A growing number of candidates and PACs have announced their fundraising for the second quarter of this year, with Friday marking the deadline for submitting their fundraising reports.
While not all candidates and PACs have officially announced their numbers, some interesting developments have emerged.
For one, a number of Senate Democrats and Democratic challengers vying for Senate seats have outperformed their Republican counterparts — a possible dose of optimism for the party in what is expected to be a challenging medium-term environment.
In two contests, GOP incumbents have reported better fundraising numbers than challengers backed by former President Trump, raising questions about whether his support will be enough to get candidates across the finish line in November.
Also, gubernatorial races in Texas and Georgia are posting staggering fundraising numbers.
Here are five takeaways from this recent fundraising round:
In a handful of Senate elections, Democrats outperformed their Republican challengers
A number of Senate Democrats and Democratic challengers had impressive fundraising returns in the second quarter, outperforming their Republican peers.
In Colorado, incumbent Senator Michael Bennet (D) raised $3.3 million, while Republican nominee Joe O’Dea raised nearly $2 million.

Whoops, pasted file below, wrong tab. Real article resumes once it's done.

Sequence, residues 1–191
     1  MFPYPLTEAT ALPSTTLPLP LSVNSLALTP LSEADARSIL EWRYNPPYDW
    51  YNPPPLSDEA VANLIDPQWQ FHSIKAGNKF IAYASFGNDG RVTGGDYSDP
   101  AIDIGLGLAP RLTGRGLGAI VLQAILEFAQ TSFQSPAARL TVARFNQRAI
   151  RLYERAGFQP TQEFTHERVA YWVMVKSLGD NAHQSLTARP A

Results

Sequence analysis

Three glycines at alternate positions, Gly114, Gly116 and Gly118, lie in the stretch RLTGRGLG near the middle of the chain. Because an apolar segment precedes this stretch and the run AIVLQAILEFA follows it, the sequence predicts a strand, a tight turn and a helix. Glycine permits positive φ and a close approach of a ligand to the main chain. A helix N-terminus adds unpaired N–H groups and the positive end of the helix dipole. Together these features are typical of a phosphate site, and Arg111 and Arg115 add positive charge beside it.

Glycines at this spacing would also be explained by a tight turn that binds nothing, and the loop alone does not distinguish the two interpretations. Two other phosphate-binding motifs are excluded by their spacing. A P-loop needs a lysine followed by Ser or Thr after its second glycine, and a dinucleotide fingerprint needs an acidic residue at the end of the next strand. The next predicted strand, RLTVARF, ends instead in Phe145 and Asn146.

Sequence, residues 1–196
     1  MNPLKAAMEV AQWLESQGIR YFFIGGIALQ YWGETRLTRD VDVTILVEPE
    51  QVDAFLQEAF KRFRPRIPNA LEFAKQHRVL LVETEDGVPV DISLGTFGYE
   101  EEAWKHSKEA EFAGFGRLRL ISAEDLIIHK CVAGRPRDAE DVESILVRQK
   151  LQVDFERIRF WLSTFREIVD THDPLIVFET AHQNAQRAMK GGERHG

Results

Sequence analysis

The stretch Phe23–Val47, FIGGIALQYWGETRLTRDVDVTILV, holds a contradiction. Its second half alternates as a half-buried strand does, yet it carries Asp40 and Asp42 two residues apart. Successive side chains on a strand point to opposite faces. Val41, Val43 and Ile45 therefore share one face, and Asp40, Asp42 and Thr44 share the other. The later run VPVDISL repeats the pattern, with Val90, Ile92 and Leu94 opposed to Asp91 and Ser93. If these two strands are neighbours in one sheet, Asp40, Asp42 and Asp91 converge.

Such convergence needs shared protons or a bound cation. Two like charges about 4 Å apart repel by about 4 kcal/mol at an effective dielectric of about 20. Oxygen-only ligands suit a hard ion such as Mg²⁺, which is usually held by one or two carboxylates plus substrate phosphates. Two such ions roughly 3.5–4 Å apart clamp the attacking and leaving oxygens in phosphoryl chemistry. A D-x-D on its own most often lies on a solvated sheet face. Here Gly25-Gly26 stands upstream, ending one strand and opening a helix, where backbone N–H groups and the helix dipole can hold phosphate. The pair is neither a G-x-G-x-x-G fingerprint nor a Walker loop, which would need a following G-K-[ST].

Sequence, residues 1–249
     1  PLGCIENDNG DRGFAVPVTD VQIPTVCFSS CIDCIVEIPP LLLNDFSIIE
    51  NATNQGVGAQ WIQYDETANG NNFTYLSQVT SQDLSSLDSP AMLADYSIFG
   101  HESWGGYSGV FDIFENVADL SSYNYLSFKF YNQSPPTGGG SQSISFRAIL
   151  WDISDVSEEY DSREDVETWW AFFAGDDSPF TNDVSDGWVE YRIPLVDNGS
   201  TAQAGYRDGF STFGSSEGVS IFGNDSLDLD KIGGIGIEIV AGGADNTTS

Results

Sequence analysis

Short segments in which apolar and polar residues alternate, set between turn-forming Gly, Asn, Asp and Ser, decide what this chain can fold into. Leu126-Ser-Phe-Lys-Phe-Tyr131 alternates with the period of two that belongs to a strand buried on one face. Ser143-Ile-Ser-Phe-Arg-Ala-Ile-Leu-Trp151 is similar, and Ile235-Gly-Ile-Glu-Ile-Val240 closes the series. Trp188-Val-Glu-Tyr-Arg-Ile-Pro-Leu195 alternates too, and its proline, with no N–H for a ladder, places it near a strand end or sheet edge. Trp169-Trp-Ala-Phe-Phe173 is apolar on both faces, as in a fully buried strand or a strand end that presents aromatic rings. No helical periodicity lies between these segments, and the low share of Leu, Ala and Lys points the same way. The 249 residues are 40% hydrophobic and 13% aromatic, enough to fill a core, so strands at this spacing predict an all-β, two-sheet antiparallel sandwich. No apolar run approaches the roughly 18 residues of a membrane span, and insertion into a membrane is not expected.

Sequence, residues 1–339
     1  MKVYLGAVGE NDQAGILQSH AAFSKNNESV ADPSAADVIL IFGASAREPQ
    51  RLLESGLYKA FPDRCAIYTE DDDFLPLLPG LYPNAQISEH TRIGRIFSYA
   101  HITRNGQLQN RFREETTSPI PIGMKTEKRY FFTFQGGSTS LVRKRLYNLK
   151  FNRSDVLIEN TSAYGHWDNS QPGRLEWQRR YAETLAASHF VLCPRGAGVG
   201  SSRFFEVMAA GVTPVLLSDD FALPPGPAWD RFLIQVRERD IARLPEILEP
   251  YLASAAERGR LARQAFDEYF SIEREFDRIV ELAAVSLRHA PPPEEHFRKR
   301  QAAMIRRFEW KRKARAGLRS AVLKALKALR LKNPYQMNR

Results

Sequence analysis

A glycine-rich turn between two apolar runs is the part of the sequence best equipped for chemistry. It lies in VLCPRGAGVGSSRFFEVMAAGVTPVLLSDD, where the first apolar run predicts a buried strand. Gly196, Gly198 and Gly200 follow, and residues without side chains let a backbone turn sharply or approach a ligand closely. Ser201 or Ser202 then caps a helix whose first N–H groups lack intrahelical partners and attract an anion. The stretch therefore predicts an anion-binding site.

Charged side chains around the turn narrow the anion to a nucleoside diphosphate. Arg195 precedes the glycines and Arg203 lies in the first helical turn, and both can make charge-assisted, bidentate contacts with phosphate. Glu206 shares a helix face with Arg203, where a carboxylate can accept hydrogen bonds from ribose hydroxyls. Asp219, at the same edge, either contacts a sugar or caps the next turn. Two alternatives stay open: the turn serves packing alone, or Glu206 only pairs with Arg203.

Rep. Tim Ryan (D-Ohio), who is running for the Ohio State Senate, raked in $9.1 million, while “Hillbilly Elegy” author JD Vance (R) raked in over $2.3 million received for the quarter. Vance’s campaign noted that the sum included funds he received from JD Vance for Senate Inc., Ohioans for JD and Vance Victory.
Over in Pennsylvania, Lt. gov. John Fetterman (D), who is running to resign from Sen. Pat Toomey’s (R-Pa.) Senate seat, $11 million. His Republican challenger, Mehmet Oz, raised $3.8 million, according to The Philadelphia Inquirer.
Rep. Val Demings (D-Fla.), who is vying for the seat from Sen. Marco Rubio (R-Fla.), has raked in more than $12.2 million. Rubio’s campaign has yet to release its latest fundraising numbers.
Incumbent Sen. Raphael Warnock (D-Ga.) earned over $17.2 million in the second quarter, while former soccer star Herschel Walker (R) earned nearly $6.2 million.
Some of these Senate races are considered the most competitive for this election cycle. Those fundraising numbers could provide some optimism for Democrats, who face medium-term headwinds given high inflation and President Biden’s lagging approval ratings.
The House Democrat campaign arm edged past its Republican counterpart
The Democratic Congressional Campaign Committee (DCCC), the Democrats’ campaign arm in the House of Representatives, reported slightly higher fundraising last quarter than the Republicans’ campaign arm, the National Republican Congressional Committee (NRCC).
The DCCC said Wednesday it had earned $40.7 million over the past three months, compared to the NRCC, which reported over $34 million.
In June alone, the House Democrat campaign arm raised $17 million, while the Republican raised $16.5 million.
The NRCC starts the next quarter with $109 million in the account compared to the DCCC’s $121.5 million.
While the president’s party typically loses seats in the midterms, a Politico-Morning Consult poll released earlier this week showed Democrats had a 4 percentage point lead over Republicans in a general congressional vote. However, this poll is still a few months ahead of the midterms in November.